TENNIS COURTS Listings do not include school areas, which may or may not be open to the public.

Eau Claire Carson Park 101 Carson Park Dr. • Owen Park on 1st Ave. Altoona Devney Park on Devney Drive west of County Trunk A, Altoona • Altoona City Park on the corner of Bartlett Avenue and 10th Street West.

Chippewa Falls Mary E. Marshall Park, Bridgewater


Menomonie Phelan Park at 21st Ave. E.

VOLLEYBALL COURTS Listings do not include school areas, which may or may not be open to the public.

Eau Claire Carson Park, 101 Carson Park Dr. • Mount Simon Park on Addison St. • Riverview Park, at 2711 Riverview Dr. Altoona Lake Altoona County Park, south shore of Lake Altoona. Chippewa Falls Irvine Park on Bridgewater Ave.

BASEBALL DIAMONDS Listings do not include school areas, which may or may not be open to the public.

Eau Claire Carson Park, 101 Carson Park Dr. • Bollinger Fields, Stein Blvd. • Fairfax Park at 4200 Fairfax St. • Kessler Field at 105 Walnut St. • Mount Simon Park on Addison St. • Newell Park at 122 S. Michigan St. • Zephyr Park on Shady Grove Rd. Altoona Altoona City Park on the corner of Bartlett Avenue and 10th Street West • Devney Park on Devney Drive west of County Trunk A. Chippewa Falls Casper Park on W. Canal St. • Mary E. Marshall Park on Bridgewater Ave.

Menomonie Fowler Court Park on 4th Avenue, Menomonie • Elmwood Park on 4th Avenue, Menomonie • Wakanda Park on Pine Ave.

VolumeOne.org 36 Aug. 15, 2013


Mt. Simon

SOCCER FIELDS Listings do not include school areas, which may or may not be open to the public.

Eau Claire Bollinger Fields on Stein Blvd. • Eau Claire Soccer Park on Hamilton Ave. Chippewa Falls Casper Park on W Canal St. Menomonie Phelan Park at 21st Ave. E.

HORSESHOE PITCHES Listings do not include school areas, which may or may not be open to the public.

Eau Claire Carson Park, 101 Carson Park Dr. Altoona Lake Altoona County Park, south shore of Lake


Chippewa Falls Flag Hill in Irvine Park on Bridgewater Ave.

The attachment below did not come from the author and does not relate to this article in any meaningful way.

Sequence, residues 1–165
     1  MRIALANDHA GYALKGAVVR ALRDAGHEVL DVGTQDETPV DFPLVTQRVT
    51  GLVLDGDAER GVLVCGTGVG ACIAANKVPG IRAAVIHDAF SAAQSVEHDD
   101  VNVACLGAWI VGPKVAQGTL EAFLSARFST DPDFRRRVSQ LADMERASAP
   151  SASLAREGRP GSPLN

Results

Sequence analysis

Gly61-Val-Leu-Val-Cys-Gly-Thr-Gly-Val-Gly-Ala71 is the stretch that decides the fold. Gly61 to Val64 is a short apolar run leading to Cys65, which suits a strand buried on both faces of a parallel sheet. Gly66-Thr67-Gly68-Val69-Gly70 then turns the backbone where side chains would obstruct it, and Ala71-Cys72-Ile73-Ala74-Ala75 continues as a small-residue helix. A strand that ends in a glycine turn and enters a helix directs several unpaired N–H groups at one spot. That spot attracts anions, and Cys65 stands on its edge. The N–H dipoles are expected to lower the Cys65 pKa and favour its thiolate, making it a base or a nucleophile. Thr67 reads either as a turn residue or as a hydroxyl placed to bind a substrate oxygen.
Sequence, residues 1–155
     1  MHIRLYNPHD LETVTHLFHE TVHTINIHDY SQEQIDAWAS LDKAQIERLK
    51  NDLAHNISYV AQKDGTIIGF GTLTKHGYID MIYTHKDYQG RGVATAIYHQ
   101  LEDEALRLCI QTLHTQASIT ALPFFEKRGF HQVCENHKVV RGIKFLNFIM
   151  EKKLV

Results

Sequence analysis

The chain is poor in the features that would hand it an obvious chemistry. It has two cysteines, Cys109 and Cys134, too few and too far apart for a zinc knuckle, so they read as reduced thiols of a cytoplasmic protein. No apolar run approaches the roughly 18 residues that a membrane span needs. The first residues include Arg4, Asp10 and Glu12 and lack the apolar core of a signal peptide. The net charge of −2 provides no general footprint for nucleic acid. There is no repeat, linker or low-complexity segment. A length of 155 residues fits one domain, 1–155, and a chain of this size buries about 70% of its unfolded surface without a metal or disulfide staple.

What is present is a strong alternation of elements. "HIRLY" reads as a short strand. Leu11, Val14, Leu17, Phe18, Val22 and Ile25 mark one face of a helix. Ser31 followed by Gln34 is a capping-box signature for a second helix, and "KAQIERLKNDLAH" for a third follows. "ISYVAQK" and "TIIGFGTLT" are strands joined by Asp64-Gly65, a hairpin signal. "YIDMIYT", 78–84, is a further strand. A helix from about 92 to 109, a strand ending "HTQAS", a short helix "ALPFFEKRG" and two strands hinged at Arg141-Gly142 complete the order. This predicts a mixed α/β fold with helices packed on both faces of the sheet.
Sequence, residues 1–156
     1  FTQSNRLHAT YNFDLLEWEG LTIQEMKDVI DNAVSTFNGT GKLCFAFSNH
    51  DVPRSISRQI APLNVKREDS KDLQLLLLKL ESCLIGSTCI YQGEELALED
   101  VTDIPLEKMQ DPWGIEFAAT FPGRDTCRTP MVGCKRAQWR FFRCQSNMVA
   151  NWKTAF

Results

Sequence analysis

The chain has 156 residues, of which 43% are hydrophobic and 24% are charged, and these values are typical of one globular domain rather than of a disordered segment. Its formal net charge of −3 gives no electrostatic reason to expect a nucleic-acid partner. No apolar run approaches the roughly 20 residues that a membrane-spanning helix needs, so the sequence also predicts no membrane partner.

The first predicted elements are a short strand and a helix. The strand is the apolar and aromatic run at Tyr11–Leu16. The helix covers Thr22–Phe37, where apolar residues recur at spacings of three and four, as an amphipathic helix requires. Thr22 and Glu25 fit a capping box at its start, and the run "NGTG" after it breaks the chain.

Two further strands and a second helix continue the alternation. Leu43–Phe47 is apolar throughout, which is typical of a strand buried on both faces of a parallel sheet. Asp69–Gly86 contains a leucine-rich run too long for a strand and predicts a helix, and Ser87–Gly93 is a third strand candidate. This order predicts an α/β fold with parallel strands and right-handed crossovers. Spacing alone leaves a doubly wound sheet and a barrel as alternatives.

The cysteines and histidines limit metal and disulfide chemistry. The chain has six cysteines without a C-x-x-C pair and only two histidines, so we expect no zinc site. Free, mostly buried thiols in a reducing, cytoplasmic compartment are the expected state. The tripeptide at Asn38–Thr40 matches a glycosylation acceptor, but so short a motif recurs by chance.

Menomonie Wakanda Park on Pine Ave.

Lamb Creek 5699 County Road D, Menomonie • 9 holes, 2,088 feet, par 29, concrete tees - This course is owned and operated by Pioneer Grill and Saloon and winds through tight woods and over Lambs Creek with rolling elevation along the basin.

Menomonie Middle School 920 21st St SE, Menomonie • 12 holes, 2,438 feet, par 39, grass tees - Beautiful countryside with elevation on half the course. Referred to as the “sunset course,” play 1-2 hours before sunset and enjoy the expansive panoramic view and colors from hole 6 basket and 7 tee.

Mount Simon Park on Addison St., Eau Claire • Located on Dells Pond, you can access this 49-acre park from Madison Street or Birch Street. Mount Simon Park has a boat landing and dock, two pavilions, two lighted sand volleyball courts and a 9 hole, 2,165 foot, par 34 disc golf course.

Northstar Middle School 2711 Abbe Hill Drive, Eau Claire • 9 holes, par 27, gravel tees - Some difficult holes, as well as some very solid chances for birdies. First 3 are open, in a valley behind the school, then a few holes in the woods. Not open to public during school hours. The Campus “9” Upper Campus, UWEC, Eau Claire •


Brickyard Disc Golf Course 302 Brickyard Road,

Menomonie • 9 holes, 1,797 feet (alt. course 3,006 feet), natural tees - A very technical course, it traverses hills, valleys and plateaus. Dual tees. 2 permanent pins per hole: yellow A pins and orange B pins. 2 practice baskets on Putting Plateau marked for putting games.

Chippewa Falls Middle School 750 Tropicana Blvd.,

Chippewa Falls • PlayDG.com/Chippewa 18 holes, 5,107 feet, par 62, mixed tees - Wonderfully creative, wrapped around the school and surrounding woods. Varied elevations. Mix of open and wooded.

Delong Middle School 2000 Vine St., Eau Claire • PlayDG.com/delong 18 holes, 1,942 feet, par 54, natural tees - The front 9 works its way around a track. It works well for putting practice and is also wheelchair friendly. The back 9 resembles your typical course, however, it is quite short and mostly wide open.

(715) 836-5601 • wibergad@uwec.edu 9 holes, mixed tees - Course is interspersed around campus dorms, mostly flat areas.

Tower Ridge Park Off County Rd. L, Eau Claire • Play-

DG.com/towerridge 18 holes, 3,730 feet (alt. course 5,775 feet), par 78, natural tees - This is a very challenging course that is heavily wooded with many elevation changes. Long, narrow fairways, dual tees. $5/day parking fee.

Wakanda Park on Pine Avenue, Menomonie • www.

PlayDG.com/wakanda 18 holes, 5,545 feet, par 65. Wakanda Park is a challenging course with a good variety of open and wooded shots, as well as water hazards. There is also a good mix of short and long holes. The park also has baseball diamonds and basketball courts.


VolumeOne.org 37 Aug. 15, 2013

Profile for Volume One Magazine

Back to School 2013  

Volume One's back to school survival guide.

Back to School 2013  

Volume One's back to school survival guide.

Profile for volumeone